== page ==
Two or three generations later, the diminutive, “four-stringed guitar” has managed to shake any negative associations and is now the darling of alt-comics, jazz musicians, children, retirees and, of course, Hawaiian honeymooners. And in 2004, the late Israel Kamakawiwoʻole recorded a ukulele-backed version of Somewhere Over the Rainbow. The record became a worldwide sensation and revived the uke’s fortunes for many years.

What is the point?

Many people might read this and think, what, exactly, is the point of a 63-year-old unemployed comedian learning to play an instrument with a kitsch factor just a notch above a kazoo?

I will answer that question with a question: Must everything have a point?

As I plunged into the chords, keys, frets, majors and minors, the “point” was, I suppose initially, to exorcise the demon–to make up for the fact that I always wanted to play an instrument, but never put in the time. And, as I had always suspected that the main reason I never stuck with it might have been because I utterly lacked any musical talent or skill, I wanted to settle the issue once and for all.

It is interesting, and more than a bit sad, that many people are of the mind that taking up a musical interest (or learning a language, or baking or cooking, etc.) must always have a point over and above any sense of pleasure or accomplishment that might result from playing and learning that instrument. That is especially true if the novice is over the age of 18 or so! The reasoning being that, if you’re not going to make money off it or become a rock star–or a master chef, or an interpreter at the Hague–there’s really no point in making music–or baking killer butter cookies, or learning German!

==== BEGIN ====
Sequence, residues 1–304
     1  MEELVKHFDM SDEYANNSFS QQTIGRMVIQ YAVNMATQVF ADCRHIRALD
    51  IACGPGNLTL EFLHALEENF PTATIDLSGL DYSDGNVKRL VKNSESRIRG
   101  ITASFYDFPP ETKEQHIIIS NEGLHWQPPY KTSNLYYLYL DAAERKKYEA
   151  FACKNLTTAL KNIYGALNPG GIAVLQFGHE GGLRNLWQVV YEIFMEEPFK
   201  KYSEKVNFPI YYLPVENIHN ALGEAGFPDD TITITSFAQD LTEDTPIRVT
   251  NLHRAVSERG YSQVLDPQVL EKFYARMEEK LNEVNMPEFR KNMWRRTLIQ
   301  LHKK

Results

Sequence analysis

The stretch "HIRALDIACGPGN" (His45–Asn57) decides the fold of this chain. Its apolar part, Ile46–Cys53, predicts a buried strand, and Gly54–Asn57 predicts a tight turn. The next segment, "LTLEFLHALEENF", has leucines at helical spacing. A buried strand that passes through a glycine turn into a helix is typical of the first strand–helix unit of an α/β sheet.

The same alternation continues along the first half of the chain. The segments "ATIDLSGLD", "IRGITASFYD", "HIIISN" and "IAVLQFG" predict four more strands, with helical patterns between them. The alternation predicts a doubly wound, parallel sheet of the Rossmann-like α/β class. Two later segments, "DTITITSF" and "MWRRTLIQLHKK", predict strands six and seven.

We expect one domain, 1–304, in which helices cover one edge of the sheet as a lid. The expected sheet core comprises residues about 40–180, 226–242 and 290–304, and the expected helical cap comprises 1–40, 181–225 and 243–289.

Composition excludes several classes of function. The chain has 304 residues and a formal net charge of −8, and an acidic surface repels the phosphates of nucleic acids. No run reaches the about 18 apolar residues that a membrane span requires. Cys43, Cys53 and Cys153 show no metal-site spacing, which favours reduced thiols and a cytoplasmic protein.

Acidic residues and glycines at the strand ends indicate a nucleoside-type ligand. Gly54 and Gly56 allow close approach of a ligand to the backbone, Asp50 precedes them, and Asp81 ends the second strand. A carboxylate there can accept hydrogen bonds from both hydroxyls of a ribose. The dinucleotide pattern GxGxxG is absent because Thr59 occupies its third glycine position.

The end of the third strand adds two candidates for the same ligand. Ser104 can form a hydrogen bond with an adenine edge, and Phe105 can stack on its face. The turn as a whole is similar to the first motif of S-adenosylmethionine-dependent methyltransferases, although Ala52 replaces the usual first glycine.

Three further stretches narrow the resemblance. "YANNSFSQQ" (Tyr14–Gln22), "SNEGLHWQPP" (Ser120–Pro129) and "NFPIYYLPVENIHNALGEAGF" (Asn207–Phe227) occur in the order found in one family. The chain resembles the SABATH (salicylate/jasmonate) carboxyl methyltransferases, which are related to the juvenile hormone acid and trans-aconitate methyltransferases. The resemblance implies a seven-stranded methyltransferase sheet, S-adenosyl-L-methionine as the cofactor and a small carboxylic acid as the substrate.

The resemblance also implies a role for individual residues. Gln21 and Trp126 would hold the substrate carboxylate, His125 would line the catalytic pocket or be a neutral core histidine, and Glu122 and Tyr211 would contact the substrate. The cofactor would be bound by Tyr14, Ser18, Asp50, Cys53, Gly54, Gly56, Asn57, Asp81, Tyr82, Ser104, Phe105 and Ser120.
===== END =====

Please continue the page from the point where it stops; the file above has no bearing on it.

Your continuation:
But that is simply false.

When I lope through “Animal Farm” by the Kinks or I mangle Lennon and McCartney’s “Across the Universe,” or I nail “El Paso” by Marty Robbins, I experience feelings of joy and accomplishment. And, perhaps, some relief that I don’t suck, tinged with regret that I didn’t do this 40 years sooner.

Recently, at the urging of my niece (the same one who owned the Costco uke), I recorded a couple of short videos of me playing to entertain her son. He’s special needs (Angelman syndrome) and he absolutely loves videos and music. (And he thinks his great uncle is endlessly fascinating!) Part of my motivation to learn to play was a desire brighten his day with the occasional wacky video. I was rewarded for my hard work with an “answer video,” which depicted him grinning broadly as he listened to my halting rendition of the Grateful Dead’s “Ripple.” THAT, right there, was worth every minute of practice.

But mainly, it is fun! The two hours fly by and I occasionally go into overtime! (I don’t like to call it “practice,” as that word, to me, connotes drudgery. I say, rather, that I am “playing.”)

And the entire time I am playing, I know that I’m “improving” my “self.” I know, also, that my grey matter is being subtly re-arranged into a new, better configuration (if the science is to be believed), in much the same way that studying a new language forges new pathways in the brain.

If you read this, I hope you gather the energy and the jack to buy a uke–or a guitar or an oboe!–and start playing. There need not be a profit motive or dreams of rock stardom, just a desire to make music with just your two hands and a hunk of wood and gut or brass and reed.

Did I mention that I’ve been studying German for 15 months? But that’s a whole other story.

Auf wiedersehn!

1 comment on “Six Strings Good. Four Strings Better!

  1. Paul Hair says:

    Learning to play a musical instrument is a great idea. I’ve been working on a few folk art wood projects of late–a cherry wood hot pad and a set of white pine wood bookends.